About 50 members of the Malaysian Employers Federation (MEF) attended a talk organised by MEF in collaboration with Wawasan Open University (WOU) at the main campus to better understand the job market situation in the country.
JobStreet.com Regional Sales Manager Kay Sock Phoh in her talk on ‘HR Trends: Malaysia and Penang’ examined employment demand based on data compiled by JobStreet on job advertisements for Malaysia-based positions.
She noted that according to statistics for 2007 to October 2010, March seems to be the peak season for companies to hire workers, possibly because people are ready to leave once they get their bonus and after Chinese New Year.
“There was an explosion of jobs in March 2010, with 29,846 job postings,” she pointed out, adding that the lowest point of confidence was January 2009 because the US sub prime crisis had intensified and the Lehman Brothers filed for Chapter 11 bankruptcy in late 2008.
She informed that the Internet captured 73.26% of job vacancies for Malaysia while the balance was by printed media, as extracted from figures for Star, NST and Sin Chew since these media are considered the main players in terms of job advertisements.
Kay said that before 2008, the majority of the ads appeared in print media, but Internet started to overtake print media from January 2008 onwards. The reasons are lower rates making it cheaper for employers, the wider coverage, and the type of workers they look for have to be Internet-savvy.
The top four industries that advertise in Malaysia are manufacturing, construction, ICT and the accounting, finance and banking sector. “Manufacturing, construction and ICT were contributing to 40% of total advertisements posted every year for vacancies in Malaysia from 2008 to Oct 2010,” she highlighted.
Meanwhile for the northern region – Ipoh, Perlis, Kedah and Penang – Penang contributed 65% of job positions posted for northern region in October 2010. She said that overall Penang jobs contribute to 80% of total northern job posting numbers. During the highest point of March 2010, the northern region recorded 2,398 job postings, while the lowest in January 2009 recorded only 737.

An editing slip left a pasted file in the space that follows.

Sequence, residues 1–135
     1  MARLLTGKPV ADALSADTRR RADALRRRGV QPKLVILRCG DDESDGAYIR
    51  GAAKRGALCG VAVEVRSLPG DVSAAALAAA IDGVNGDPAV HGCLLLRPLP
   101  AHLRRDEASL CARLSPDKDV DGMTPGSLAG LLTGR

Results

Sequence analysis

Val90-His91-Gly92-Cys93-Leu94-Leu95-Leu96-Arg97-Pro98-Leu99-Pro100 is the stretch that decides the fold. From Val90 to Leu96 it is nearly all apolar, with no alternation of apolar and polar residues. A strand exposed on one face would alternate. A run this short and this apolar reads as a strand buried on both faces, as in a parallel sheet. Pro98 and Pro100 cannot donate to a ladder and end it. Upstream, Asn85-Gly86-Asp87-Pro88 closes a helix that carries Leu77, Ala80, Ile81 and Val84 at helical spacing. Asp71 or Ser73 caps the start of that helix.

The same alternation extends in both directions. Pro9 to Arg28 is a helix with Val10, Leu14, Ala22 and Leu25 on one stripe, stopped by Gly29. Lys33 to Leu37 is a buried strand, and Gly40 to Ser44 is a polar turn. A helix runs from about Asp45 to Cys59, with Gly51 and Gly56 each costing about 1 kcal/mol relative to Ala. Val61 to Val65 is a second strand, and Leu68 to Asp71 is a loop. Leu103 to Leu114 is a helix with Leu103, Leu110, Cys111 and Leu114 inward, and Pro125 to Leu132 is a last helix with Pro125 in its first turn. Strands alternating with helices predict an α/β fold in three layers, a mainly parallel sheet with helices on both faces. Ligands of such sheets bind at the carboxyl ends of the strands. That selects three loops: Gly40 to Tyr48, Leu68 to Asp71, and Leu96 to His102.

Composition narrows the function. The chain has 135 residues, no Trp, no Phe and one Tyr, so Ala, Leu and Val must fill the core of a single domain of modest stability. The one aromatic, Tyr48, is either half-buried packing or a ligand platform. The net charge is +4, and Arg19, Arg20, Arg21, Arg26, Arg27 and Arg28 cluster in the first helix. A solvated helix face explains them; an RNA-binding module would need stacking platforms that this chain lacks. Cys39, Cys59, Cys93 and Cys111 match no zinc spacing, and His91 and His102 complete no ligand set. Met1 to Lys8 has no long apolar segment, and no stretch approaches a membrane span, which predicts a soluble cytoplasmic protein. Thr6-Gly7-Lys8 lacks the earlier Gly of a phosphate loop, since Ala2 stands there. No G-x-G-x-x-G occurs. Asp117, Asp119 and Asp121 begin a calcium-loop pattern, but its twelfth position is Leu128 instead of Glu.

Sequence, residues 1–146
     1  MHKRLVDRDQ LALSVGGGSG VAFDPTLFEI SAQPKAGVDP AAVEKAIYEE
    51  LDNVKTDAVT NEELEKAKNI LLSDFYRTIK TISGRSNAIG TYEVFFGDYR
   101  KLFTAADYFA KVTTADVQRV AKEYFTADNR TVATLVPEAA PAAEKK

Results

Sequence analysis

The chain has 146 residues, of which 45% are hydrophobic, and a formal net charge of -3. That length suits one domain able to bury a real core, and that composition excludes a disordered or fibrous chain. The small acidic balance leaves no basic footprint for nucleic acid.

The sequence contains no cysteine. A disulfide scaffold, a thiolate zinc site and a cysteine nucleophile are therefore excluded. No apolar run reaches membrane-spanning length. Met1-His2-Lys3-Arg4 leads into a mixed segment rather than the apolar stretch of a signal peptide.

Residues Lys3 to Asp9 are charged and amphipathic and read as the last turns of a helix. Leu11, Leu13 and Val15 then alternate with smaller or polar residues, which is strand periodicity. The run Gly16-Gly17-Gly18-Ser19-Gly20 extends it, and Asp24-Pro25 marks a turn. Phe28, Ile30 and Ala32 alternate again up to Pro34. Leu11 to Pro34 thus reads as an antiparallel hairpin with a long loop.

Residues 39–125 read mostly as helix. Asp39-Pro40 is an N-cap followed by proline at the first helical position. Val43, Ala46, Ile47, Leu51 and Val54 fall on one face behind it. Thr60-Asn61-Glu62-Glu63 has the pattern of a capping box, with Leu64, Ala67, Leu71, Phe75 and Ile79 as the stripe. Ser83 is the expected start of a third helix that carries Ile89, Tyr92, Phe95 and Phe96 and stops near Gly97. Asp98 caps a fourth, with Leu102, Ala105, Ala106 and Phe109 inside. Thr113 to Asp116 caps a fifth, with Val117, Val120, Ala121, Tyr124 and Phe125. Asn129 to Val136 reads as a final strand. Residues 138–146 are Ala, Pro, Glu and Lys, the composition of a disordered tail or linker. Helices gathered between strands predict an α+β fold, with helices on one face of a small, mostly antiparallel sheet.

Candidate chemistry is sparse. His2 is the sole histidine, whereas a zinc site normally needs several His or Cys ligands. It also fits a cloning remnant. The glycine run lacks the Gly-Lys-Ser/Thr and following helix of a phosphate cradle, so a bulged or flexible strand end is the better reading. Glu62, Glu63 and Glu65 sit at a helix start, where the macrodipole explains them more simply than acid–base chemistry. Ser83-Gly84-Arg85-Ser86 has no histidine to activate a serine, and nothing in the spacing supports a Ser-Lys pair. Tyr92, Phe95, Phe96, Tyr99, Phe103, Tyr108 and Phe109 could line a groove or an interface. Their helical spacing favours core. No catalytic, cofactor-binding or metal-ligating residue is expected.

The top three industries by job postings for the northern region are: manufacturing/ production; human resources management/consulting; and computer/information technology (software).
In comparing year to year job postings, Kay said the figures rose for 2010 (till Oct) to 168,345 for Malaysia, and to 21,024 for the northern region. She said Penang contributed to 15% overall of Malaysian jobs, while almost 70% were from Kuala Lumpur and the Klang Valley.
Meanwhile WOUI School of Science and Technology senior lecturer Ishan Abeywardena spoke on “Virtual Collaboration: Some HR Concerns”. He said in light of some bad press lately on outsourcing, employers can opt for virtual collaboration where people from different countries, time zones and different specialisation work on the same project via electronic communication.
(MEF is the central organisation of private sector employers in Malaysia which provides a forum for consultation and discussion among members on matters of common interest, and seeks the adoption of sound principles and practices of human resource and industrial relations through research, training and other activities.)